In Era of Trump, Has Bankruptcy Stigma Lost Its Sting?
With Donald Trump being credited or blamed for virtually every imaginable good or ill (depending on the observer, of course), we in the world of personal finance and debt management can’t help but wonder:
What do regular folks make of the president’s assorted bankruptcies? Yes, they all were corporate filings, not personal. Still, does the fact he presided over four belly-up businesses and still rose to become the World’s Most Powerful Man ® and the Leader of the Free World ® take the sting out of filing for bankruptcy?
One source regarded our news peg suspiciously: “Is this,” asked Rob Drury, head of San Antonio, Texas-based Association of Christian Financial Advisors, “just another smear job of the president?
“Or are we trying to write a substantive article to serve the public with useful financial information?”
The latter, most assuredly. We leave politics to the politicians and pundits — who, it turns out, already have much to say about the subject. Yes, bankrupts and bankruptcy law figure to be a part of the 2020 presidential campaign … but not entirely because of the serial-filer in the White House. Democrats will get to him later.
Instead, Massachusetts Sen. Elizabeth Warren, whose claim to fame is as an early consumer-debt warrior, is using 2005’s bankruptcy reform act — Bankruptcy Abuse Prevention and Consumer Protection Act — as a cudgel for pounding Democratic (as this is written) frontrunner Joe Biden. As a senator representing corporate-haven Delaware, Biden was among the legislation’s key architects.
Arguably, despite record numbers of filings after the financial bubble burst, some of the hurdles erected by BAPCPA blocked debtors from bankruptcy’s fresh starts, exacerbating the Great Recession. Warren means to hang that failure on the deal-making Biden, whom she regards as too friendly toward corporations, creditors, and icky Republicans.
Warren, while we’re on the subject, would like to do away entirely with whatever remains of bankruptcy’s taboo status, Trump or no Trump. In her view, consumers seek bankruptcy not because of profligacy, but as a way out of dire conditions not of their making: lost jobs, prolonged illness or injury, divorce.
In 2019, stigma or not, consumer filings (Chapter 7 and Chapter 13 of the bankruptcy code) are on track to mark a nine-year low. The rate of personal bankruptcies is down by more than half from the 2010 record high (1.53 million).
Credit, at least in part, a surging economy: the stock market at historic highs, unemployment at historic lows, and, according to numbers tracked by the federal Bureau of Economic Analysis through June, wages ticking up at an impressive 4.1%, adjusted for inflation. All of that has enabled savings to grow at a reassuring 8.1% savings rate.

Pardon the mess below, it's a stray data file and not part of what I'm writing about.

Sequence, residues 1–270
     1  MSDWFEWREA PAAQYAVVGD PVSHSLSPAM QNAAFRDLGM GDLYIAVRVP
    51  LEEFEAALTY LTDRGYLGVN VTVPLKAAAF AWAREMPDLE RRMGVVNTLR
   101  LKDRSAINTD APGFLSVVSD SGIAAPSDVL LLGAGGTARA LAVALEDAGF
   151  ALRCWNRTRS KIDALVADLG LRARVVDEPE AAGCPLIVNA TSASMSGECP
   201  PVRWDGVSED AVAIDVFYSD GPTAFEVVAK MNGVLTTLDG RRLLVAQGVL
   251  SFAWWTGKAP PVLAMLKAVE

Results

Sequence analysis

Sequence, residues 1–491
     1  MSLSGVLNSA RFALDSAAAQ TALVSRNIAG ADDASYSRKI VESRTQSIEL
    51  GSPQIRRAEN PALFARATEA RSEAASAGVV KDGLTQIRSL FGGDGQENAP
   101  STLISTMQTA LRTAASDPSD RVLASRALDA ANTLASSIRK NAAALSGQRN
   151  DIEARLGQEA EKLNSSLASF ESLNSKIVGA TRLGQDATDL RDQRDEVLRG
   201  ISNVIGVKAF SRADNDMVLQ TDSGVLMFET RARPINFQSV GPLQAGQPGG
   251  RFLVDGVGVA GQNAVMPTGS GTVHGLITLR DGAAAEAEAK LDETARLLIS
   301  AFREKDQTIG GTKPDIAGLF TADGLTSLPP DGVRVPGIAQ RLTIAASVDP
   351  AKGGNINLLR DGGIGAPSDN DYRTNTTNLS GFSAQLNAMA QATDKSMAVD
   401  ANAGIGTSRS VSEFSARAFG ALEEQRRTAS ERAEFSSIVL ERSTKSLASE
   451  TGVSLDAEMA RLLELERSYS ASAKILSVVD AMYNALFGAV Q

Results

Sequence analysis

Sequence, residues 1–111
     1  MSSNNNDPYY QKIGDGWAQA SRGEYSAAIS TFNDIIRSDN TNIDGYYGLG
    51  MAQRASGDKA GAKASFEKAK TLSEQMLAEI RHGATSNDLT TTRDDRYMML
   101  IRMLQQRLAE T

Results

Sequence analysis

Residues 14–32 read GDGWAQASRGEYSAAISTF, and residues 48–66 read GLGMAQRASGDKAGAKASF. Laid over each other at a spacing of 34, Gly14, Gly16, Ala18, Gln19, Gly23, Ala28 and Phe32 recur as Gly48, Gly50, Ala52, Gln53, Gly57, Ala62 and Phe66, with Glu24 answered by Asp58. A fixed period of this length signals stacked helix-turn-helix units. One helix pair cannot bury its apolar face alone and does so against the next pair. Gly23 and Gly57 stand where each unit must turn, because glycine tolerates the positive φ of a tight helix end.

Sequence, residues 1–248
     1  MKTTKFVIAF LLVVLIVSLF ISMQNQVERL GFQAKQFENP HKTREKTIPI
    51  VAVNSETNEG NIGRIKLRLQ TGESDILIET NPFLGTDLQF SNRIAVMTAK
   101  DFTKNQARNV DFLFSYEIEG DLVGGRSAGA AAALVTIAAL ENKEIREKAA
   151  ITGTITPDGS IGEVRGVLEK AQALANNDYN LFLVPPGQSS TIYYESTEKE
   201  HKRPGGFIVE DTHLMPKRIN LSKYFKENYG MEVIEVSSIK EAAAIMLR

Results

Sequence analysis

Credit, also, BAPCPA’s tougher rules for filing. Straight bankruptcy, discharging most debt while protecting some property — Chapter 7 — comes with a Catch-22: The process has become sufficiently complicated that, to make it worth their while, lawyers charge from $1,200 to $2,500. Add roughly $350 in court costs, all of which must be paid up front (otherwise they’d be discharged as part of the bankruptcy). That leaves the consumer who’s awash in debt needing to produce about $1,850, in advance, to get in front of a bankruptcy judge.
Chapter 13 bankruptcies, in which debtors work out reorganized repayment plans, are more complicated and costly still: Fees for bankruptcy attorneys run upwards of $3,200. The difference, however, is those costs can be rolled into the court-approved settlement in which everyone who has skin in the debtor’s game gets paid.
This is just as BPACPA’s framers intended: Fewer consumers are easily able to discharge their debts; more are coaxed toward reorganization and repayment.
Either way, maybe bankruptcy doesn’t deserve its enduring stigma. Without second-chance financial opportunities, says Tampa-based bankruptcy Judge Cathy P. McEwen, the spigot of entrepreneurial adventure would be squeezed to a trickle.
Bankruptcy, says the judge, provides people with “the right to try and fail.” If we hadn’t emerged from the dark, 19th century days of debtors’ prisons and corporal punishment for those who couldn’t pay their bills, she adds, “dreams would die, and entrepreneurs wouldn’t try.”
ACFA’s Drury agrees wholeheartedly. Avoid bankruptcy if it’s something you can reasonably do, he says. If not, “it is a good thing that personal bankruptcies … are a legitimate tool to be employed when necessary.”
Let’s be clear, as well: We’re not picking on the president — who, again, has never sought personal bankruptcy protection. The same cannot be said for celebrities including former heavyweight boxing champion Mike Tyson, rapper 50 Cent, baseball’s Kurt Schilling, actors Nicholas Cage and Kim Basinger.
Be cautious about throwing in with the cool kids. Personal bankruptcy sticks on a credit report for up to 10 years. And the entire case filing becomes a public record, easily discoverable in an internet search. If your financial crisis can be sorted by consulting with a nonprofit credit counseling service, you’re cheating yourself not to try that.
Even so, says Boston attorney Matthew J. Kidd, “Bankruptcy is a great way for individuals … to get a fresh start … from crippling debt obligations that would be impossible to cure.”
Taking the Warren view, Drury sympathizes with “reasonably honest and prudent people” who find themselves in an otherwise hopeless situation. For them, bankruptcy “should not be viewed as a character issue.”
If bankruptcy has grown sufficiently commonplace to have shed its stigma, Drury says, “that’s a good thing.”
On this, the current resident of the White House and the Massachusetts senator who hopes to take his place would agree.